I don’t blame Bernstein for taking the gig — after all, showing up to fashion events looking stylish is literally her job — but I wonder why Torrid felt its money was best spent with her instead of any of the dozens of women they could have hired who have bootstrapped careers out of nowhere by talking directly to plus-size women, the same people who are shut out of exactly the mainstream standards of beauty that make Bernstein a desirable, expensive fashion show guest. Ostensibly, the same people for whom Torrid wanted to break the barrier and produce what they were calling the first-ever plus-size show at New York Fashion Week. (That’s not exactly true, by the way: Eden Miller of Cabiria and Addition Elle have both previously staged NYFW shows, although they weren’t on the official calendar, which is true of many of the week’s events where designers opt to use venues outside of the few that the organizers offer.)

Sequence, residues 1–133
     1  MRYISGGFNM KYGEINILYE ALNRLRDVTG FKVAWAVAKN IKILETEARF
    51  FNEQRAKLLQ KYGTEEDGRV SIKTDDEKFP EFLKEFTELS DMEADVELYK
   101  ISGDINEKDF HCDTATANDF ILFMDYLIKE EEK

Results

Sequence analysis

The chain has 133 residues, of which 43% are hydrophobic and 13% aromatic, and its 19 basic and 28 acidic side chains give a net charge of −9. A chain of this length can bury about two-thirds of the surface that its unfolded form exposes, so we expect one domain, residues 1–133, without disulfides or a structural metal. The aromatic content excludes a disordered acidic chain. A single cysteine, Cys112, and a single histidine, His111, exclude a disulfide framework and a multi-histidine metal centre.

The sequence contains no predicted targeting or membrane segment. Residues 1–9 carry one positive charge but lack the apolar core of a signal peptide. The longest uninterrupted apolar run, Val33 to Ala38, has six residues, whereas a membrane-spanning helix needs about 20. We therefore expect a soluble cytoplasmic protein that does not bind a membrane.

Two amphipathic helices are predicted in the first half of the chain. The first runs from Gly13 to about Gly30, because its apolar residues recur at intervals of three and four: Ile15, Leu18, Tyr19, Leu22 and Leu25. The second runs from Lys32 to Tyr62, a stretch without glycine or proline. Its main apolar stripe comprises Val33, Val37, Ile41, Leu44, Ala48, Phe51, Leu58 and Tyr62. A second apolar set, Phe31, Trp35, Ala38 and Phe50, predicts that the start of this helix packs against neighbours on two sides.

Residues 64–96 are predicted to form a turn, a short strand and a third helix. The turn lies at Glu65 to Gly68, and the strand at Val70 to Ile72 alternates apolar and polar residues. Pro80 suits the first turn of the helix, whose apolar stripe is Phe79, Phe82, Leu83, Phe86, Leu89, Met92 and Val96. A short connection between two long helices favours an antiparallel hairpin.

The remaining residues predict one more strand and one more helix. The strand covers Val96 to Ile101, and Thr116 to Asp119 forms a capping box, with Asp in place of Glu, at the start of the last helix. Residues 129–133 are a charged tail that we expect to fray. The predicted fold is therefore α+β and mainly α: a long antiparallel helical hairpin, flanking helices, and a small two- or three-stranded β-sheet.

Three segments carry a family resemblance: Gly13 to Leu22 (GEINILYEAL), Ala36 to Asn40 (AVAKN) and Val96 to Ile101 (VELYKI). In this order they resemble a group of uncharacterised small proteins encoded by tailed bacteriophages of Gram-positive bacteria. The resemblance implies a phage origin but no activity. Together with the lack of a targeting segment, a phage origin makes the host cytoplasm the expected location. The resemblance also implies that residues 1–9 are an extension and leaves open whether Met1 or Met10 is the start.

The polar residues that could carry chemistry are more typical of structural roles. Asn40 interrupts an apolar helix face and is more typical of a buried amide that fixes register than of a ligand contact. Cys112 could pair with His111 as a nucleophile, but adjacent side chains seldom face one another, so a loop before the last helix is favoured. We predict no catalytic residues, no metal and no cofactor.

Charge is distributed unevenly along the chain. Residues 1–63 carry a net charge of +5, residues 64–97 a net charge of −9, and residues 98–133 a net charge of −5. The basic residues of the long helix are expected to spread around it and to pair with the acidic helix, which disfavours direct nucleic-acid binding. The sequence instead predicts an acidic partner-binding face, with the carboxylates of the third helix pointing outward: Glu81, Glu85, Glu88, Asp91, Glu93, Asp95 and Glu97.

The whole enterprise could have been saved by a terrific set of clothes on the runway, but the clothes were never going to save us. As a brand, Torrid trafficks in exactly the kinds of juvenile graphic tees, nonsensical over-embellishments, and odd tailoring decisions that have long plagued the plus market, and I say that as someone who has things from Torrid in her closet. (To its credit, the brand’s bralettes are very good.) For most shoppers above a size 14 or 16, getting dressed is usually about making do with a bad set of limited options. In the past five years, the internet has slowly allowed those options to expand and improve, with indie brands like Universal Standard, Eloquii, and Premme and fast fashion behemoths like ASOS Curve and Forever 21+ popping up to fill some of the many openings in the clothing market for an enormous proportion of American women. Those improvements have put the dowdy, low-quality offerings available at most traditional plus retailers in stark relief, and none of them have figured out how to improve their own collections to keep up in any meaningful way.